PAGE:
While trying to establish his heating oil business in 1981 New York, Abel Morales (Oscar Isaac) faces a difficult political situation. Being simultaneously investigate by the District Attorney while having his trucks hijacked at gunpoint (something he suspects of his rivals with ties to criminal enterprises) as well as facing threats from the unions if he does not adequately protect his drivers. Added to this is his responsibility to protect his family, with his wife Anna (Jessica Chastain), the daughter of gang leader, vowing to do something if he is unable to. All this comes to a head when Morales must pay for the site of his new plant within the confines of strict negotiations.
The film presents a richly dense plot, with many storylines folding in on each other. They seethe just under the surface, with tension rising, and the interactions between characters marked by an increasing uneasiness. Although resolving who is stealing his trucks and the completion of his payment for his new plant, there are many storylines, like his interactions with the D.A., that are transformed rather than resolved, adding to the richness of the implications of the films narrative.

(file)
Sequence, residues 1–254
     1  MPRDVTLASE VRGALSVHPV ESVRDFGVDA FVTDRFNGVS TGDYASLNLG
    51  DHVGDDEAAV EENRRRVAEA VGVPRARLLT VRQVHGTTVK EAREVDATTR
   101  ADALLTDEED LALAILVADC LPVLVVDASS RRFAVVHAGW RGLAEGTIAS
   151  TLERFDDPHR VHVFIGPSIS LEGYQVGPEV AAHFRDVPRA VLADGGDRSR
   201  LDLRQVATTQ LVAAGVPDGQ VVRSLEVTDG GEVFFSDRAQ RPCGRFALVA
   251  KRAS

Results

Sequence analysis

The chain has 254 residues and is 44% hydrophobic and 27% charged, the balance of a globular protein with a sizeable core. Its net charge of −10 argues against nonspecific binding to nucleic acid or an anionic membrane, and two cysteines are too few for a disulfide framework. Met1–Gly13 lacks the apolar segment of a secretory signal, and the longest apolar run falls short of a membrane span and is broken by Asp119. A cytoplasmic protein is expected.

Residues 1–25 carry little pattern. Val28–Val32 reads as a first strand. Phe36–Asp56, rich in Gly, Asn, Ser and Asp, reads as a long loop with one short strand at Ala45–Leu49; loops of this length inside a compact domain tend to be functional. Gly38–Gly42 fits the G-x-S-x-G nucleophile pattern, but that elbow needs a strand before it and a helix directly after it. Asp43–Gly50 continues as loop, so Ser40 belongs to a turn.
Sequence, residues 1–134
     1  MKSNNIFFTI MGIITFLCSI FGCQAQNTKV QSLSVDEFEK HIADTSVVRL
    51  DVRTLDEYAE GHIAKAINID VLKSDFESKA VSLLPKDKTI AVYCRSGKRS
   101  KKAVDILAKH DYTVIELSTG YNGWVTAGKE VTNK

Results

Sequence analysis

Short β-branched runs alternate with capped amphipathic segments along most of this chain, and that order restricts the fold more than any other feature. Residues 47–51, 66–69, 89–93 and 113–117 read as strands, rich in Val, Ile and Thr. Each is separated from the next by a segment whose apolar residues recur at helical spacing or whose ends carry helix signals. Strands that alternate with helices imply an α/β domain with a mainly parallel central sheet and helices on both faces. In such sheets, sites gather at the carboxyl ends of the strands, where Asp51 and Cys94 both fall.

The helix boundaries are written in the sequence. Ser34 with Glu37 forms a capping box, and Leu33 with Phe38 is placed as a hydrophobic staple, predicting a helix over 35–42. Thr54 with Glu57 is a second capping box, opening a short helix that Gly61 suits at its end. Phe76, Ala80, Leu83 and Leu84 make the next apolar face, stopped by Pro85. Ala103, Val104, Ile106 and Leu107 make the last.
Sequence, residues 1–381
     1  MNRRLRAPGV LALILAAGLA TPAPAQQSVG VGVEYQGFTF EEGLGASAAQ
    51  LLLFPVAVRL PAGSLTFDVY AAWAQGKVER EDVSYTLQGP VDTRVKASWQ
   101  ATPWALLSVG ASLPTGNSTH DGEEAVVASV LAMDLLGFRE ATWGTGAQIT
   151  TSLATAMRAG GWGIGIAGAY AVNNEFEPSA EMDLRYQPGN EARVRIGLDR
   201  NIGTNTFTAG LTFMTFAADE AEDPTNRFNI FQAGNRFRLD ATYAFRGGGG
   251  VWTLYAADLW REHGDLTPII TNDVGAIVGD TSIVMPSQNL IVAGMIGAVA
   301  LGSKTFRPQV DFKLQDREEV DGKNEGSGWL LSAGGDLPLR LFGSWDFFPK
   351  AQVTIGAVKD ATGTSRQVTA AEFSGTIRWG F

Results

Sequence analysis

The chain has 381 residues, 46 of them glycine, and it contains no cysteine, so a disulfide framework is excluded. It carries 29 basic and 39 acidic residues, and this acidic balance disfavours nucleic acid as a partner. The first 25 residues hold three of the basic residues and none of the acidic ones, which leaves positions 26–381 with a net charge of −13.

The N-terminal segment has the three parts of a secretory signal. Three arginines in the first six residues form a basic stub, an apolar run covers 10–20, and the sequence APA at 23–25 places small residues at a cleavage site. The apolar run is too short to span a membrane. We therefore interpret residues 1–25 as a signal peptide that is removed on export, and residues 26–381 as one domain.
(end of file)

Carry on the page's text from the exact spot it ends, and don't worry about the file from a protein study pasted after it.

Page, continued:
After the film concludes there is the thought that there was more story to tell. This may sound like a criticism, the film not fulfilling all its narrative ends. On the contrary, it is one of the strongest points, and illustrates the films understated mastery. The wonderfully ambiguous ending (I resist calling it a conclusion) with its palpable tension leaving you wondering if an uneasy resolution has been made, is in keeping with the rest of the films restraint.